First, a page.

Scott Pleckinpaw

house in mist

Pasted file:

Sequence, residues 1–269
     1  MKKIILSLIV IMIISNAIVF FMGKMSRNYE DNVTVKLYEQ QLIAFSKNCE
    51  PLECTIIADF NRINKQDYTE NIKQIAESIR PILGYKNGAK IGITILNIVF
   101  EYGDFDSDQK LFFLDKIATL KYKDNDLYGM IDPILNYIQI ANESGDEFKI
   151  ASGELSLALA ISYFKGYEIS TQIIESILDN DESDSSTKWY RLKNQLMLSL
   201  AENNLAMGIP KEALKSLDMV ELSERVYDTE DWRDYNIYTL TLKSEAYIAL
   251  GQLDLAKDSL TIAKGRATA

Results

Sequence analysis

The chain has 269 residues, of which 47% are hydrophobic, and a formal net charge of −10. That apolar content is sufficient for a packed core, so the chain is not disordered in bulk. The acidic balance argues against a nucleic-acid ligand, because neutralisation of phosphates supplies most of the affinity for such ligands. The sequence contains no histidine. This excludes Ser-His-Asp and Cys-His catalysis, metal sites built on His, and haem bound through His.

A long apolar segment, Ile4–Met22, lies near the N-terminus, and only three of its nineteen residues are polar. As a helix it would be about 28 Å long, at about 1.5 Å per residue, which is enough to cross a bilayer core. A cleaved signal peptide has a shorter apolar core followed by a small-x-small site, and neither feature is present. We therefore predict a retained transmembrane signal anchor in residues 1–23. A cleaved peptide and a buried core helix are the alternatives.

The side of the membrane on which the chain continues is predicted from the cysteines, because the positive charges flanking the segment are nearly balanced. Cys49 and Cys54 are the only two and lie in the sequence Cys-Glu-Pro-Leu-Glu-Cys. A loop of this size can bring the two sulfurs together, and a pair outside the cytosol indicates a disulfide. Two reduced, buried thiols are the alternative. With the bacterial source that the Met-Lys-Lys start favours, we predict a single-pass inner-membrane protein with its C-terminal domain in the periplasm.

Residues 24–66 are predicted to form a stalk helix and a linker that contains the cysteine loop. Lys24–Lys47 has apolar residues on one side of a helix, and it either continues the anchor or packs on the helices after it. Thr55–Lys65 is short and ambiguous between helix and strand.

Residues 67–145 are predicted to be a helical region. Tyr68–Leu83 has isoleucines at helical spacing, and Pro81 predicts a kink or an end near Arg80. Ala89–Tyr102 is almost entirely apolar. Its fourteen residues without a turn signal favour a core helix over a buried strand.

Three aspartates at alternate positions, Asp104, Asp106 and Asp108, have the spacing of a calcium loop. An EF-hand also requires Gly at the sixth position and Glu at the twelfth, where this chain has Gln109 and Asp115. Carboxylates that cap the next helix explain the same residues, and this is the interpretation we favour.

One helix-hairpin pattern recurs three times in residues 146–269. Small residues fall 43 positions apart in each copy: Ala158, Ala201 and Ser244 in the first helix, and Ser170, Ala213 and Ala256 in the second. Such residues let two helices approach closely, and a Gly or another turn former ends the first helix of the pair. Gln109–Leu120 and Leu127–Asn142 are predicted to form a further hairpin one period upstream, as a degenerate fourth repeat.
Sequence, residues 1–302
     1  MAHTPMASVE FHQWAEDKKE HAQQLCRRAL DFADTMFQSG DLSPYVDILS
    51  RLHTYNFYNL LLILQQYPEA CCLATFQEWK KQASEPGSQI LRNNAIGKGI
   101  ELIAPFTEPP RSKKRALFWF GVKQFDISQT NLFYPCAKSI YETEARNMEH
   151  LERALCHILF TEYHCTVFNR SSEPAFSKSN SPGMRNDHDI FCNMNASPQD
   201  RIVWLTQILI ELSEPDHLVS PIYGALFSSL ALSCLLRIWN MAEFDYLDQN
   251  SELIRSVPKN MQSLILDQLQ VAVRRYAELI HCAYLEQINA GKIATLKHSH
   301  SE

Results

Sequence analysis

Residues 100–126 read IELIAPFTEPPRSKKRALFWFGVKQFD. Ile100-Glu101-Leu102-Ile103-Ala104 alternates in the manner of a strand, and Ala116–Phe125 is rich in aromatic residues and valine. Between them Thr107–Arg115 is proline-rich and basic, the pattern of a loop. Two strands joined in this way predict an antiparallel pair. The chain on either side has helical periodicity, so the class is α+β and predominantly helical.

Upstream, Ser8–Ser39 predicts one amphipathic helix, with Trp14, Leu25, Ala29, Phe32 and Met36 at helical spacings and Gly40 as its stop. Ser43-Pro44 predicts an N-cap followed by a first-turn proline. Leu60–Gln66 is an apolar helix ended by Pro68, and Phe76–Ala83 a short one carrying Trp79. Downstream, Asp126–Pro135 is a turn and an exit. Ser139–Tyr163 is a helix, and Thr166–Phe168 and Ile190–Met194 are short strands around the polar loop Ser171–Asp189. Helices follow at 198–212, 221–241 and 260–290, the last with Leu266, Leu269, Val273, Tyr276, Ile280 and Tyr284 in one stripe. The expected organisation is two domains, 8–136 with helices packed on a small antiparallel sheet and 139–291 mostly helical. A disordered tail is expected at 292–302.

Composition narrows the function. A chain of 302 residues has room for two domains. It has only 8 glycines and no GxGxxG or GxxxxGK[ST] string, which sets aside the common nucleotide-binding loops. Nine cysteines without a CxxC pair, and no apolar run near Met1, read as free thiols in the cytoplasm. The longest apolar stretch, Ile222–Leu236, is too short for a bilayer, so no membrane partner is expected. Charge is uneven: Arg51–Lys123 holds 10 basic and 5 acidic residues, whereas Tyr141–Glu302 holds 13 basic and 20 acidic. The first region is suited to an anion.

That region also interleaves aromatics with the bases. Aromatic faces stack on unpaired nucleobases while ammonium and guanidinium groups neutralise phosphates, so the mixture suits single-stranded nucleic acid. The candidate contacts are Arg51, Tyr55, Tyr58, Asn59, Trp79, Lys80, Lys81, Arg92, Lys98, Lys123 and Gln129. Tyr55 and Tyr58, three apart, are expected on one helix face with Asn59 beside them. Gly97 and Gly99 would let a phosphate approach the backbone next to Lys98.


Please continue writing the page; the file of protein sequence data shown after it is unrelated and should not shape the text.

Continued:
Everything that I had done they said was bunched to the middle. When I played softball, it was bunched to the middle. When I gardened turnips, flowers, and cucumbers, it was bunched to the middle. I was never too much to the left or was too much to the right. If you wanted an opinion, people would go to the middle to see, and I’d give the word on that. In between a carnival and a circus what was the answer? For me it was never so hard. Anybody could see the differences between things, between war and peace, and between love and hate, but where did that get anything? If I’d have had a stopover flight into LAX, I’d go to the beach for an hour just to watch the trick kites diving and swerving down to the sand, close to the water. If there was a better charm, or a better bracelet to be had, it was nothing to mind to me. There were just as many of both worse. Of course I had my own opinions of things, but these got lost along the way like so many acorns by squirrels just get forgotten in the ground where they probably belong. What came out of me wasn’t necessarily that wise, and it just wasn’t so smart, no more so than I was, or could claim to be either. It was just less. I just wasn’t like two radio sportscasters filling up time on the airwaves, which is a sort of genius that they have pitch after pitch, strike after strike, foul after foul, hit after hit, game after game. What got left to say was about the cluster over dry milkweed stalks the butterflies going to Mexico must have missed by the roadside. Or if you had the Indianapolis 500 that that meant going around the track at 250 mph for two hours without accidents. Or only people watching them turn clownfish into something that’s funny. It’s actually the middle 2/3 of the pile of sand that makes the mountain. And all the crazies and tough lucks are like the grains brushed away the farther you go to the ends. I know that some people had considered me an Atlas, and some people just behind my back would have called me a donkey. There might have been a cart, a load of apples, and an apple vendor. He’d cry out all day, “Apples! Apples for sale!” And he’d sell enough to live. Some would get swiped by hooligans. And some would fall away while he rolled it down the cobblestones. And some were just rotten. Most of them that got sold will be good enough, and eaten by all the people who bought them.

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